The Gulf Coast is anxiously awaiting the arrival of Tropical Storm Barry. And in the meantime, New Orleans was inundated by flooding on Wednesday as severe thunderstorms hit the area.
If Barry becomes a Category 1 hurricane, as anticipated, hundreds of people will need the help of health centers and clinics. Medical professionals will have to meet a wide range of needs, from providing wound care to replacing lifesaving medications that were damaged or left behind.
The fact that health centers rise up to do this kind of work in the midst and aftermath of a severe storm is remarkable. After all, they’re not exempt from the storm’s effects. Clinics are often flooded or lose power; staff members are stranded or unable to navigate the streets; and vital medical supplies can be damaged.
“We feel that as community health officials, we are a first responder team, and we’re held to a higher standard to take care of patients during a time of crisis,” said Chenier Reynolds-Montz, director of outreach and development at Access Health Louisiana.
One of Access Health Louisiana’s 16 locations had already experienced flooding during Wednesday’s deluge. The roof of a parking lot next door to another had caved in. “Those people [in New Orleans] are just coming out from underneath that today or tomorrow, and then Tropical Storm Barry is supposed to hit,” said Peggy Barrios, a nurse care manager at Access Health Louisiana.
Shawn Powers, CEO of Baptist Community Health Services, said that, while they had experienced only water on the floor at one location, several staff members had been stranded or their cars damaged by the flooding. “This storm wasn’t forecasted,” he explained. “It caught everyone off guard.”
Preparing for the storm
Nonetheless, Baptist Community Health Services’ staff members were sorting medications for the storm and preparing “provider go bags” that doctors will keep with them during the next several days, so they can respond during emergencies.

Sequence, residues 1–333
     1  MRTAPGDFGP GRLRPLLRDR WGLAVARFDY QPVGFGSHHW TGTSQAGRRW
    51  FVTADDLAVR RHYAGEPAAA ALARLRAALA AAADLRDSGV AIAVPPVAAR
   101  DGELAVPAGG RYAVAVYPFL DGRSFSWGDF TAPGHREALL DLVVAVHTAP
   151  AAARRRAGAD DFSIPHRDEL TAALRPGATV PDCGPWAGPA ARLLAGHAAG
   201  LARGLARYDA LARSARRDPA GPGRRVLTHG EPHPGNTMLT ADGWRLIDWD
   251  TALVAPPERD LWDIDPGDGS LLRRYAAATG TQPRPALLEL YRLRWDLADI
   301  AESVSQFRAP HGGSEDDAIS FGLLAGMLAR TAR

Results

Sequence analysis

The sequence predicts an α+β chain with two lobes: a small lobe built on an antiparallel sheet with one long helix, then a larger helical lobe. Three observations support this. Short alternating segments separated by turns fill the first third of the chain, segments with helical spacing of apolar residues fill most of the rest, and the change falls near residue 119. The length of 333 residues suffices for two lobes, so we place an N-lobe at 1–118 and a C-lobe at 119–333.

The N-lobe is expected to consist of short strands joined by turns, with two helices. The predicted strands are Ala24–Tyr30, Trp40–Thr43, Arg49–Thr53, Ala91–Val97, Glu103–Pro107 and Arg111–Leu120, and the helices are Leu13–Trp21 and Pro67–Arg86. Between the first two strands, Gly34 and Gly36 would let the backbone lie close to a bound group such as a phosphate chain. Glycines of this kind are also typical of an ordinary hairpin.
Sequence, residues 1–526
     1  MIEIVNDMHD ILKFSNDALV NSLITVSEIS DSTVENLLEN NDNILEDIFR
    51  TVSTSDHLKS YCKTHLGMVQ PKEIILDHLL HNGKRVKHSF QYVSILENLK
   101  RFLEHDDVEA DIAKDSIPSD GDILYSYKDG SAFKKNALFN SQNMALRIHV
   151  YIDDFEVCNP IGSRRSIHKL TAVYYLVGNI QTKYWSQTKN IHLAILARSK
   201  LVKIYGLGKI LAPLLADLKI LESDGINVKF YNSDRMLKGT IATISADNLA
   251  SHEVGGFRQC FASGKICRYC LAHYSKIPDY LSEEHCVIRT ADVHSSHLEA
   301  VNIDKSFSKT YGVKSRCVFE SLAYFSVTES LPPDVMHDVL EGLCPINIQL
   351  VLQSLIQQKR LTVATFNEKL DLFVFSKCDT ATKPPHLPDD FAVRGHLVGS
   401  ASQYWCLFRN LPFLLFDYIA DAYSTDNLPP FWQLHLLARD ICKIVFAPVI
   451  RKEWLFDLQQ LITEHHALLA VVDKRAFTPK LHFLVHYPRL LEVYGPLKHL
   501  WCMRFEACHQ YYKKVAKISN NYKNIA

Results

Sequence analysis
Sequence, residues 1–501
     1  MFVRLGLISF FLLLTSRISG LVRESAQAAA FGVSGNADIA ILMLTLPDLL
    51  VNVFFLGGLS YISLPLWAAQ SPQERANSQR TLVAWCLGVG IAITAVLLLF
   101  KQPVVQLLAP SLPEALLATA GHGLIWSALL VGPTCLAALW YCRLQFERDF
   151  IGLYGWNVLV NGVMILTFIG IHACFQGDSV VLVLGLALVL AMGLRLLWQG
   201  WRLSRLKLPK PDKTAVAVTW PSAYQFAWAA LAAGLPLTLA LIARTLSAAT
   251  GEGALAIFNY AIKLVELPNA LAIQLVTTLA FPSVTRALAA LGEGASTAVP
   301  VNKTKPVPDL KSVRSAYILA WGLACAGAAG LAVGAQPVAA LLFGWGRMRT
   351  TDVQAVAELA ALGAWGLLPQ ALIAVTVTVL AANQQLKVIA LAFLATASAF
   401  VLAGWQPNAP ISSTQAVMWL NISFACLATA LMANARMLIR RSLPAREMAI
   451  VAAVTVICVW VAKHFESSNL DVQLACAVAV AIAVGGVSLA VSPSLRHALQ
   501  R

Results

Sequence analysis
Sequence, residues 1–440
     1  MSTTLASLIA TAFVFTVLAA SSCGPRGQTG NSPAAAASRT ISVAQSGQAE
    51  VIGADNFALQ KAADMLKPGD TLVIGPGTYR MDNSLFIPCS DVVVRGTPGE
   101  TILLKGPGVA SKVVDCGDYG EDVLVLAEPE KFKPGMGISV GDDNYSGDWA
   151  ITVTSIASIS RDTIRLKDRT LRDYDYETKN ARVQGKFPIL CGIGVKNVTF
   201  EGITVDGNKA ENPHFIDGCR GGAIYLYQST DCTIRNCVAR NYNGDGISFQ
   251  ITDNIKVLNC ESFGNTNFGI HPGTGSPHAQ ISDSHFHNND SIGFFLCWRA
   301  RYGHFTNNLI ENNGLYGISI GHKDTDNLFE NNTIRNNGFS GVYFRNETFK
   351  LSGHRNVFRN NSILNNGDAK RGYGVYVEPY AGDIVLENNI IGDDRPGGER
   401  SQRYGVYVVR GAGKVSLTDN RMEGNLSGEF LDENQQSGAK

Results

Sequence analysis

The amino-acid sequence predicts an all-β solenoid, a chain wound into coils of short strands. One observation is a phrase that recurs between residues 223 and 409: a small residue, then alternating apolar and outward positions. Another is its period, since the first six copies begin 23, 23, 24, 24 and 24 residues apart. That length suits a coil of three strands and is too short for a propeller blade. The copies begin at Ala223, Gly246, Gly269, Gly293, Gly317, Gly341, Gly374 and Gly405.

Access Health Louisiana’s staff have been checking in with patients who manage chronic conditions with medication or who have mental health needs. For patients without reliable transportation, the health center will even deliver medications. “Sometimes they’ll stop by the food bank on the way,” said Reynolds-Montz.
Although lives seem most dramatically at risk during the storm itself, a lack of access to medication, reliable transportation, or necessary supplies after the fact can be even more dangerous. Experts attribute thousands of deaths to the impacts of Hurricane Maria, including the disruption of medical services.
Powers said that, as a primary care provider serving at-risk populations, Baptist Community Health Services is most concerned about patients with chronic conditions who may not have access to a steady supply of medication.
During an emergency – at precisely the moment when health centers and clinics are most likely to be overwhelmed by patients – it’s often impossible to get medical supplies where they’re most needed. Without the right tools on hand, doctors and nurses can’t effectively treat patients when they’re most vulnerable. Manageable injuries and chronic conditions can become life-threatening conditions.
For that reason, it’s essential to have supplies and medications safely stored long before a storm ever hits.
Tools in place
Because the Gulf Coast is prone to tropical storms, hurricanes, and flooding, Direct Relief has stationed Hurricane Prep Packs – specially designed modules containing over 200 medications and supplies most frequently needed during emergencies – throughout the region.
Eight packs are currently strategically placed at health centers and clinics throughout Louisiana, including at Access Health Louisiana and Baptist Community Health Services.
“The Direct Relief products will help with the fallout. They will service our patients with many medications they can’t get from the pharmacies,” said Barrios.
“The Direct Relief gifts that arrived last week…are being utilized to get us through the next few days,” Powers said. “Today, we actually have a team of three people who are working in this office next to me, taking those hurricane relief supplies and dividing them into their intended uses.”
The “go bags” that doctors will keep with them are likewise filled with Direct Relief supplies. “They could be used in an emergent encounter, with somebody in crisis,” Powers said.
For Barrios, events like these bring a sense of tremendous responsibility. “We’re community care, and we have to be there on the ground to take care of these people,” she said. “We’ve been there, done that, and we hope someone would be there for us.”